for the use of 4.25% dwell, it is noted 4 hour is optimal, is this the case in all membrane types

Questions About PD

Nicky Warnecke, Nurse from Perth Western Australia asked
for the use of 4.25% dwell, it is noted 4 hour is optimal, is this the case in all membrane types

1 answer

Nurse Canada with members of the ISPD Nursing Committee March 21, 2024

We thank you for your question. We answered a very similar question posted to the ISPD website in 2022. In general, the average ultrafiltration (UF) rate when a patient uses a 4.25% dextrose PD solution can be as much as 300 cc to 400 cc/hour at the beginning of the dwell, but will decrease as glucose is absorbed across the peritoneal membrane (1, page 459). However, the actual UF rate will vary depending on the transport characteristics of your patient’s peritoneal membrane as determined by a PET (Peritoneal Equilibration Test). For example, if your patient on the PET has high transport characteristics, over a 4-hour dwell using a 4.25% dextrose PD solution, the patient will UF approximately 800 cc of fluid; whereas if your patient has low transport characteristics on the PET, then this patient will UF approximately 1400 cc of fluid over a 4-hour dwell using a 4.25% dextrose solution. (2, page S20, Figure 6). Similarly, the peak UF for a patient with high transport characteristics using a 4.25% dextrose PD solution will be around 4 hours, but around 9 hours if your patient on the PET has low membrane characteristics (2).
 
Today, regular use of a 4.25% dextrose PD solution is not recommended for management of a patient’s increased fluid volume for the following reasons: may adversely affect the peritoneal membrane function; will cause increased glucose absorption leading to worsening control of blood sugars; and can promote obesity. Instead, patients with increased fluid volume should be counselled, by a dietician if available, to decrease their dietary salt and fluid intake. Use of Icodextrin for the overnight dwell for a patient on CAPD is another option if your patient is a “high transporter” to manage fluid volume problems or for the daytime dwell if your patient is on automated peritoneal dialysis (APD), providing Icodextrin is available for your patients.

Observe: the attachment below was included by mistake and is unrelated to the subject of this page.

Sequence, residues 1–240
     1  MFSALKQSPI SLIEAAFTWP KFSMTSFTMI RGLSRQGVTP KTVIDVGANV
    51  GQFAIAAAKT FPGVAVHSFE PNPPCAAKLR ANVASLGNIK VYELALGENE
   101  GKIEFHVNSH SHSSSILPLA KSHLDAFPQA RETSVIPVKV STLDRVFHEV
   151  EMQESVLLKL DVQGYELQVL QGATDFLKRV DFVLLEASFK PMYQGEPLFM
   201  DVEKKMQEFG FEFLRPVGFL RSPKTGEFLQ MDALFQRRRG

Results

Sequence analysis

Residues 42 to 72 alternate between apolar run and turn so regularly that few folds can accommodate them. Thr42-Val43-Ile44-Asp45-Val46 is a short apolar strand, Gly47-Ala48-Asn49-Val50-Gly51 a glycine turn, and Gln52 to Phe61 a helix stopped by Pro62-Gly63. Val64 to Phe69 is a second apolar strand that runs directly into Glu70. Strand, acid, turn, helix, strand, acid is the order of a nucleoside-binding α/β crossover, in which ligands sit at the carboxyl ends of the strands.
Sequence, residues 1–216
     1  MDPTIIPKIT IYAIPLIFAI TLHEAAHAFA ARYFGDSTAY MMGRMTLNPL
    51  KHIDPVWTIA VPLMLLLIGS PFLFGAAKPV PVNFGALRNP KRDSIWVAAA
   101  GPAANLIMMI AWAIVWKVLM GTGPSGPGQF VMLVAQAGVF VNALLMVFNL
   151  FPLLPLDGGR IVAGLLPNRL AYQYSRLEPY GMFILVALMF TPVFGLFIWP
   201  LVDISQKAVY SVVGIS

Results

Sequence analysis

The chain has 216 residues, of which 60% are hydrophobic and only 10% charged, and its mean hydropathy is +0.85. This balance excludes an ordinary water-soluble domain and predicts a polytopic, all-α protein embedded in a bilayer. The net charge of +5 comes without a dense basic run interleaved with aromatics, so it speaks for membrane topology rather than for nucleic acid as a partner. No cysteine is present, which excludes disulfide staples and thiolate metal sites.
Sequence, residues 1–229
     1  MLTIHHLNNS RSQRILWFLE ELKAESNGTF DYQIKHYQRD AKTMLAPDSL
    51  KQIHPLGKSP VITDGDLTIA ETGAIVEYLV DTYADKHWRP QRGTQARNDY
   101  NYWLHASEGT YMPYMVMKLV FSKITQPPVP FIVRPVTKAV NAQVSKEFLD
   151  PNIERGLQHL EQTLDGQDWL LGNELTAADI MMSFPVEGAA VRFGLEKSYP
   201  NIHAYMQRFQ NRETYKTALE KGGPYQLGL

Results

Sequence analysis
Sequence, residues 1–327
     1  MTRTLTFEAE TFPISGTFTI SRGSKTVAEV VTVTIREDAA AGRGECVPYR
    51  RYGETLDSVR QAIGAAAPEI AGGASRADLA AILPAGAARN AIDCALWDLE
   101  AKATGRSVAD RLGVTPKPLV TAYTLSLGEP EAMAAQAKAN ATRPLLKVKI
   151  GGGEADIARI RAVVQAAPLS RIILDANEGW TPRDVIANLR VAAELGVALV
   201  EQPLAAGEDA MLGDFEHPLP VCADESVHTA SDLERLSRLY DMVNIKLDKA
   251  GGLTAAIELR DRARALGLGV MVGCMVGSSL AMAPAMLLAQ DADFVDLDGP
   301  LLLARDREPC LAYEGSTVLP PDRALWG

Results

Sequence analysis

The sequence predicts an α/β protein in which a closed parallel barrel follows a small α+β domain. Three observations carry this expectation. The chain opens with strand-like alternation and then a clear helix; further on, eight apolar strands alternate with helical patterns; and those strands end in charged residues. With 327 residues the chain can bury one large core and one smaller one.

We would like to add that sodium sieving is one of the disadvantages of using a 4.25% dextrose PD solution in short dwells to correct fluid overload problem. Such shorter dwell times may lead to increased serum sodium, resulting in increased thirst.
 
1.Daugirdas JT, Blake PG, Ing TS. Handbook of dialysis 5th edition. US: Lippincott Williams & Wilkins. 2015.
 
2.Mujais S, Vonesh E. Profiling of peritoneal ultrafiltration. Kidney International. 2002 Oct 1;62:S17-22. Available at:  https://www.kidney-international.org/article/S0085-2538(15)48815-5/fulltext

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